In order to derive the location of the tracked car from proximity detections as described in Section 3.1, the locations of the sensor nodes have to be estimated. Various systems

observer ’ observer α α’


parallel beam

lighthouse 1 x-axis lighthouse 2

y=d 1 x=d 2

lighthouse (top view)





Fig. 3. (a) Lighthouse with parallel beam (b) Lighthouse implementation with two rotating laser beams (c) 2D location system using two lighthouses.

have been designed for localization purposes. However, most of them are not suited for Smart Dust. Will will first explain why this is the case, before outlining the solution we developed for the localization of Smart Dust nodes. Energy, size, and cost constraints preclude equipping Smart Dust with receivers for localization infrastructures like GPS. With Smart Dust, it might not even be possible to equip sensor nodes with transceivers for radio waves or ultra sound due to the tiny size and energy budget of Smart Dust nodes. Hence, traditional ranging approaches such as ones based on time of flight of ultrasound signals or received radio signal strength might be unusable in the context of Smart Dust. Many localization systems such as [2, 20] depend on an extensive hardware infrastructure. Localization systems based on trilateration, for example, require many spatially distributed and well-placed infrastructure components in order to achieve high accuracy. This is not an adequate solution for Smart Dust, since it contradicts the ad hoc nature of Smart Dust, where nodes may have to be deployed in remote, inaccessible, or unexploited regions. Other localization approaches such as [4, 16] require centralized computation, which results in systems that do not scale well to large numbers of nodes. To overcome the limitations of infrastructure-based approaches, various schemes for ad hoc localization have been devised (e.g., [14, 15]). However, these schemes depend on inter-node communication, which is not scalable with Smart Dust, since any inter-node communication has to pass through the BST. An important overhead involved in setting up a localization system is node calibration in order to enforce a correct mapping of sensor readings to location estimates [23]. In systems based on radio signal strength, for example, the received signal strength is mapped to a range estimate. Variations in transmit power and frequency among the nodes can cause significant inaccuracies in the range estimates when used without calibration. Since the cheap low-power hardware used in sensor nodes typically introduces a high variability between nodes, sensor nodes have to be individually calibrated. This, however, may not be feasible in large networks. To overcome the above limitations, we designed and implemented a novel localization system for Smart Dust. This system consists of a single infrastructure device, which emits certain laser light patterns. By observing these patterns, dust nodes can autonomously estimate their location with high accuracy. Since dust nodes only pas-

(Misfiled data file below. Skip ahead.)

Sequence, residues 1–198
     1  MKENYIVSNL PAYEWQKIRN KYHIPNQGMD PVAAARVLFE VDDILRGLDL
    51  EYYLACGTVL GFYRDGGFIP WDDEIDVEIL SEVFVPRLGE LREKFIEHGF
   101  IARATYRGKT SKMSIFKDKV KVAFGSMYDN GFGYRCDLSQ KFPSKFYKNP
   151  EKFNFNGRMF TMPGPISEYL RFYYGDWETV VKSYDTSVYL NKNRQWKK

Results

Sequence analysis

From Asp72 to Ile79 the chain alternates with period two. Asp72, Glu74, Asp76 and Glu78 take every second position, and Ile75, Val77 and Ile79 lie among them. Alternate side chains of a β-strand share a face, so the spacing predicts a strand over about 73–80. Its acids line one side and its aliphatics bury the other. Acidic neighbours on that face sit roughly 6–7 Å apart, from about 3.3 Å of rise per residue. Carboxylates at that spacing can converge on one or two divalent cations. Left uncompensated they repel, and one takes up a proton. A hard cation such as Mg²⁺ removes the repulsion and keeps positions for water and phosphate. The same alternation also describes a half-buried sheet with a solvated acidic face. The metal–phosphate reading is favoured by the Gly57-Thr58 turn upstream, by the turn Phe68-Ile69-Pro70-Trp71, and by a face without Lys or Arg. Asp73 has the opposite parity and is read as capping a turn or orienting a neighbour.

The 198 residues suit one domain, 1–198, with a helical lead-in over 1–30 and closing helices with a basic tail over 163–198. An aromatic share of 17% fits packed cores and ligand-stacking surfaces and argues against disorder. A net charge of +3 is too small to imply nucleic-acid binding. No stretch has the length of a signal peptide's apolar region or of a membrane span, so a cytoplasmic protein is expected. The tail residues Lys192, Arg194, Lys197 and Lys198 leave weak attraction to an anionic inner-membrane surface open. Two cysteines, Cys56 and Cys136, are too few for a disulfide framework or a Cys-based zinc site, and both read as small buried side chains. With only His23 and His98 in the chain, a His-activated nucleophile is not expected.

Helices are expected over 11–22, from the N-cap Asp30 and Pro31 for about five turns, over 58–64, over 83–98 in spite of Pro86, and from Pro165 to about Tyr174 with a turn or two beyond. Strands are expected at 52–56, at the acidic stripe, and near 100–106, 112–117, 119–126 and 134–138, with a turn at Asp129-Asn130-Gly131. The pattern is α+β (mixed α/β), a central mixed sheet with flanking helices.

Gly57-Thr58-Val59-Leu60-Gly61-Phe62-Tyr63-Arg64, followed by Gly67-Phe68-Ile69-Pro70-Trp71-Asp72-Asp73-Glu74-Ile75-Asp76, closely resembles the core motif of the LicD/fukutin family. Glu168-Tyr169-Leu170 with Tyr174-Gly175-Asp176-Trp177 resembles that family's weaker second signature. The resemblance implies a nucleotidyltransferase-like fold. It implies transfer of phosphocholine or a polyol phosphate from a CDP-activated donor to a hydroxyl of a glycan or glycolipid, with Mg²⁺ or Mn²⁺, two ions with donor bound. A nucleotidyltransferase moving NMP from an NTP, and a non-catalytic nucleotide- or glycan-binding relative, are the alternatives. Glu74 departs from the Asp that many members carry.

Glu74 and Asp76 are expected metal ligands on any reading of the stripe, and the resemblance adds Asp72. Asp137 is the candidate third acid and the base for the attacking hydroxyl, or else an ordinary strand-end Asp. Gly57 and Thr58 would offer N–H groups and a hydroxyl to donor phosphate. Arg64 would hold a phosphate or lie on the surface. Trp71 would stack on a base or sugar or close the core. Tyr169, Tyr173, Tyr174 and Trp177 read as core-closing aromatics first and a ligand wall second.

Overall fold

sively observe light flashes, this system is very energy efficient on the side of the nodes. Moreover, optical receivers consume only little power and can be made small enough to fit in a volume of few cubic millimeters. Since dust nodes do not need to interact with other nodes in order to estimate their location, the system scales to very large networks. Also, node calibration is not necessary due to using differential measurements, where constant offsets cancel out due to using the difference between two measurements that use the same signal path. To understand our localization approach, consider a lighthouse with a parallel beam (i.e., a beam with constant width b) as depicted in Figure 3 (a). Assume that it takes the lighthouse tturn for one rotation. When the parallel beam passes by an observer (black square), the observer will see the lighthouse flash for a certain period of time tbeam . Note that tbeam and hence the angle α = 2πtbeam /tturn under which the observer sees the beam, depend on the observer’s distance d from the lighthouse rotation axis, since the beam is parallel. Using α, the observer’s distance d from the lighthouse rotation axis can be expressed as b/(2 sin(α/2)). A parallel beam can be implemented as depicted in Figure 3 (b): two rotating laser beams (at high speeds) define the outline of a wide “virtual” parallel beam, which in turn is rotating around a central axis (at much lower speeds) to create a rotating lighthouse effect. An observer looking at such a lighthouse sees two sequences of short laser flashes as the two “laser light planes” rotate by. tbeam can then be obtained by measuring the amount of time elapsed between the two flash sequences. Using two such lighthouses, a 2D location system can be constructed as depicted in Figure 3 (c). The two lighthouses are assembled such that their rotation axes are mutually perpendicular. The distances d1 and d2 to the lighthouse rotation axes then equal the y and x coordinates of the observer in the 2-dimensional coordinate system defined by the lighthouse rotation axes. Accordingly, a 3D location system can be built out of 3 lighthouses with mutually perpendicular rotation axes. Realizing a lighthouse with an exactly parallel beam is very difficult in practice. Therefore we developed a geometrical model of a more realistic lighthouse with an approximately parallel beam in [13]. Using this model, a 2D prototype (see Figure 4) of the system allows to estimate sensor node locations with an accuracy of about 5cm in our tracking system. Figure 1 (b) shows a BTnode with the hardware for receiving the laser light flashes attached to it. The size of the current prototype of this receiver hardware is about 7cm × 3cm. Using an ASIC, however, this receiver can be fit within few cubic millimeter. The Smart Dust prototypes presented in [22], for example, contain a similar optical receiver within a volume of 16 cubic millimeters. 3.4 Time Synchronization